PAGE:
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Title: Enzymes and Transition State Structures Relating to SAM Metabolism
Authors: Firestone, Ross
Keywords: Biochemistry.
Issue Date: 2017
Publisher: ProQuest Dissertations & Theses
Citation: Source: Dissertation Abstracts International, Volume: 79-01(E), Section: B.;Advisors: Vern L. Schramm.
Abstract: The methionine cycle is responsible the synthesis of S-adenosyl-L-methionine (SAM), for use as a one-carbon donor for a wide variety of methyl-transfer reactions including histone and DNA methylation, as well as a number of other metabolic reactions. These metabolic pathways are essential for rapid cellular growth, meaning that small-molecule inhibitors of essential enzymes in this pathway are likely to have applications as anti-cancer therapeutics. Here we have investigated the properties of transition-state analogues of human 5"-methylthioadenosine phosphorylase (MTAP) as well as the transition-state structure of human methionine adenosyl transferase 2A (MAT2A), both of which are critical enzymes in methionine metabolism, to determine the viability of transition-state analogues of these enzymes as anti-cancer therapies.;In chapter 2 we report a new assay using 2-amino-5"-methylthioadenosine (2AMTA) as an alternative substrate for MTAP. Phosphorolysis of 2AMTA forms 2,6-diamiopurine, a fluorescent and easily quantitated product. We kinetically characterize 2AMTA with human MTAP, bacterial 5"methylthioadenosine nucleosidase MTANs and use 2,6-diaminopurine as a fluorescent substrate for yeast adenine phosphoribosyltransferase. 2AMTA was used as the substrate to kinetically characterize the dissociation constants for three transition-state analogue inhibitors of MTAP and MTAN. This assay is suitable for inhibitor screening by detection of fluorescent product, for quantitative analysis of hits by rapid and accurate measurement of inhibition constants in continuous assays, and for pre-steady-state kinetic analysis of the target enzymes.;In chapter 3 we report that MTAP transition-state analogue binding exhibits a negative heat capacity change (--DeltaCp), indicating that changes in enthalpy and entropy upon binding are strongly temperature-dependent. The DeltaCp of inhibitor binding by isothermal titration calorimetry does not follow conventional trends and is contrary to that expected from the hydrophobic effect. Temperature dependence of pre-steady-state kinetics revealed the chemical step for the MTAP reaction to have a negative heat capacity for transition-state formation (--DeltaCp‡). A comparison of the DeltaCp‡ for MTAP pre-steady-state chemistry and DeltaCp for inhibitor binding revealed those transition-state analogues most structurally and thermodynamically similar to the transition-state.;In chapter 4 we investigated oral MTDIA as an agent to treat intestinal adenomas in ApcMin/+ mice. This model uses immunocompetent mice with a high probability of intestinal adenoma formation without an inciting biological insult or additional spontaneous mutations. Mice treated with oral MTDIA had a twofold increase in life span compared to control mice. Oral MTDIA has a significant therapeutic benefit to ApcMin/+ mice.;Chapter 5 uses kinetic isotope effect (KIE), commitment factor (Cf), and binding isotope effect (BIE) measurements, combined with quantum mechanics and molecular mechanics (QM/MM) calculations, to solve the transition-state structure of MAT2A, the enzyme in humans that synthesizes S-adenosyl-Lmethionine from ATP and methionine. The enzyme forms an advanced SN2 type transition-state with a 2.035 A nucleophilic C-S bond (bond order of 0.668), and a 2.320 A leaving group C-0 bond (bond order of 0.227).;This thesis lays the groundwork for the discovery of MAT2A inhibitors, which may have anti-cancer effects when used in combination with MTAP transition state analogues.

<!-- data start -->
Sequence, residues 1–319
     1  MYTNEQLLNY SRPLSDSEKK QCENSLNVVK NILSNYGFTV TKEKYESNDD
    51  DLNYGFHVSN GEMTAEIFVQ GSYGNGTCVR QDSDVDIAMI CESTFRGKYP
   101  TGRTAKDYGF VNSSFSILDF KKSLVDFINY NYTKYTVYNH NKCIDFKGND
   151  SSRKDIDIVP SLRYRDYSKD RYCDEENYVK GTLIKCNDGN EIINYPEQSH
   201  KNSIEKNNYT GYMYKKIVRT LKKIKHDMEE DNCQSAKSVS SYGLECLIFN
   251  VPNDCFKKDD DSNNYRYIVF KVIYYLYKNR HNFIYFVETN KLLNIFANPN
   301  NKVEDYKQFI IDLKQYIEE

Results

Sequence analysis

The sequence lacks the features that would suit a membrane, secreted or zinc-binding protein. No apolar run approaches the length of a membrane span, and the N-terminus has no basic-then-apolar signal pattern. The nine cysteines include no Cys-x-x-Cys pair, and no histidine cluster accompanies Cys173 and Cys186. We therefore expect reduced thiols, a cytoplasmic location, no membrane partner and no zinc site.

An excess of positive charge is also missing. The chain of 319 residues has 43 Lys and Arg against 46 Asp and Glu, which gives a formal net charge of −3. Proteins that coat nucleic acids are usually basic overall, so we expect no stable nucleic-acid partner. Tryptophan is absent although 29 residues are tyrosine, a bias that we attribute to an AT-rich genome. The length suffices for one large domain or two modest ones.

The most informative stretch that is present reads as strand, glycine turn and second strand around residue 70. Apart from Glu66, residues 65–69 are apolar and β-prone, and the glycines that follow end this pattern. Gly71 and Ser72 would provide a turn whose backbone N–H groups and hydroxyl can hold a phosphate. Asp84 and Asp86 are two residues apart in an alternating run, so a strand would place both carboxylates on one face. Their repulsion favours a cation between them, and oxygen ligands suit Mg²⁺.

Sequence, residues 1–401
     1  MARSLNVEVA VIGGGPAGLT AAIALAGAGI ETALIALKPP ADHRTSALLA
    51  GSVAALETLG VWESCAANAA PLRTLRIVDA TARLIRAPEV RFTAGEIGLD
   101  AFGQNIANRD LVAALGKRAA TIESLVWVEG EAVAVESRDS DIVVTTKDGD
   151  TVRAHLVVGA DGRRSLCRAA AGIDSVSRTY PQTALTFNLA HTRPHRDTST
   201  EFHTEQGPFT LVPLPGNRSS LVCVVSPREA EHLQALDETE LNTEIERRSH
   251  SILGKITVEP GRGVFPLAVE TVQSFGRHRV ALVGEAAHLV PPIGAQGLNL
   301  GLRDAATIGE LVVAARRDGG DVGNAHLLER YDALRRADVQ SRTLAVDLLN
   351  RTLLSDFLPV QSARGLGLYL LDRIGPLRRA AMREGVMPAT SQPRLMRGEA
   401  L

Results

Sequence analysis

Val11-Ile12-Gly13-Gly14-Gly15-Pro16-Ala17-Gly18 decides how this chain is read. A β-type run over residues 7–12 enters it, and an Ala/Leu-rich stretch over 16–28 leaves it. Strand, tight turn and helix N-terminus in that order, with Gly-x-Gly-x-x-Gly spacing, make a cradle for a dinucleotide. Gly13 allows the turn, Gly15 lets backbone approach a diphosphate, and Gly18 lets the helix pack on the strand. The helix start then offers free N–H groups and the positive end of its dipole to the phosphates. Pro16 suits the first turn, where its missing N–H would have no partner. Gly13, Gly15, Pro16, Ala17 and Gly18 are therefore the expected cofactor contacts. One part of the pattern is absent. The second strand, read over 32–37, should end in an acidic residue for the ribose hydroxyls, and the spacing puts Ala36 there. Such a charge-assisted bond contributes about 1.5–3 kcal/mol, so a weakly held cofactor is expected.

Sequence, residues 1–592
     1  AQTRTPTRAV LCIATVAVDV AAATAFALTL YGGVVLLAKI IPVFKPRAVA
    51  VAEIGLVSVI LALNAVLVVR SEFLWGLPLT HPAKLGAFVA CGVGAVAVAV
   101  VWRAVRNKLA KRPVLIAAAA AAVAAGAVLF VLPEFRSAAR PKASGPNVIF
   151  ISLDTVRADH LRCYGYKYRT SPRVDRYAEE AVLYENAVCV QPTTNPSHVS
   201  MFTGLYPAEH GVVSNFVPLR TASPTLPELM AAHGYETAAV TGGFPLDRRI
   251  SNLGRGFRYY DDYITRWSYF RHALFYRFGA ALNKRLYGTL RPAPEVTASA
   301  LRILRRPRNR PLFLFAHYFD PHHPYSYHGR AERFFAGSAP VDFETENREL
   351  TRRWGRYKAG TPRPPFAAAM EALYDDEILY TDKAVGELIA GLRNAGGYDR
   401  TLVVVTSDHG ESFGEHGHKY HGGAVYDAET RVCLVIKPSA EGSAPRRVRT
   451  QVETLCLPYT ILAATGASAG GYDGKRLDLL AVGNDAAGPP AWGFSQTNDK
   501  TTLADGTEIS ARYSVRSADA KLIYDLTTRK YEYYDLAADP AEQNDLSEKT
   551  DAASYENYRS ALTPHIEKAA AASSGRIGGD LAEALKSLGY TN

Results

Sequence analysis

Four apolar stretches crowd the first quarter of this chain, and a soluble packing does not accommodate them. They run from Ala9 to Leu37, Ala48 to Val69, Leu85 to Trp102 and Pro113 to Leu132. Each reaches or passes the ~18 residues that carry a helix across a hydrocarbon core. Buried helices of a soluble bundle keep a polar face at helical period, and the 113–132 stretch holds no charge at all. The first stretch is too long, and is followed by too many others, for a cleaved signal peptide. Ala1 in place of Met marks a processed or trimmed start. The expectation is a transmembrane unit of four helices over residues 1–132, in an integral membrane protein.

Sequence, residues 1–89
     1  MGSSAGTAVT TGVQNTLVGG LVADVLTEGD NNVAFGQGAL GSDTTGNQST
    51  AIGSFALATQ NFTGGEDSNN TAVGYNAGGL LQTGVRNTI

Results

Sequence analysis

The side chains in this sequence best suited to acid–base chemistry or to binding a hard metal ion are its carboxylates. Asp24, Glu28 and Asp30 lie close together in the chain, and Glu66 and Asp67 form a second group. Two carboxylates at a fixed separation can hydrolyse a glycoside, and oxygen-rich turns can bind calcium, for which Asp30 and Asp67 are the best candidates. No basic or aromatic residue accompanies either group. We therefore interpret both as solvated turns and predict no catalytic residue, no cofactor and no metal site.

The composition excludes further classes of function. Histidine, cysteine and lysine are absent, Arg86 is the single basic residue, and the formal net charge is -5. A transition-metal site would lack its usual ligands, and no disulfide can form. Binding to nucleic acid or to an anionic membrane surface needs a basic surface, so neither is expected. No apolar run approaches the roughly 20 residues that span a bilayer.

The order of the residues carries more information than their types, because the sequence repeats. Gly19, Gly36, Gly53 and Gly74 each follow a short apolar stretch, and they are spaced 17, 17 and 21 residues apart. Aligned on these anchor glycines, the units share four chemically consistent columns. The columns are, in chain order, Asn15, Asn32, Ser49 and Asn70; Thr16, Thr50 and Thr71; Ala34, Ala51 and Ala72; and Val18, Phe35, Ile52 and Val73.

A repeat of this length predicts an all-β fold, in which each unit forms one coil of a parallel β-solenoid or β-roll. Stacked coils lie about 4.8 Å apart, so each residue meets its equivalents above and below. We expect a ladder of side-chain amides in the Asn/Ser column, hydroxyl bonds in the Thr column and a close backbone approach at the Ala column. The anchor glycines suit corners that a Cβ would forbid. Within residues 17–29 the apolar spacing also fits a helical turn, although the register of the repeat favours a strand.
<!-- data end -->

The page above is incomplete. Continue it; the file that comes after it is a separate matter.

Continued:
Appears in Collections:Albert Einstein College of Medicine: Doctoral Dissertations

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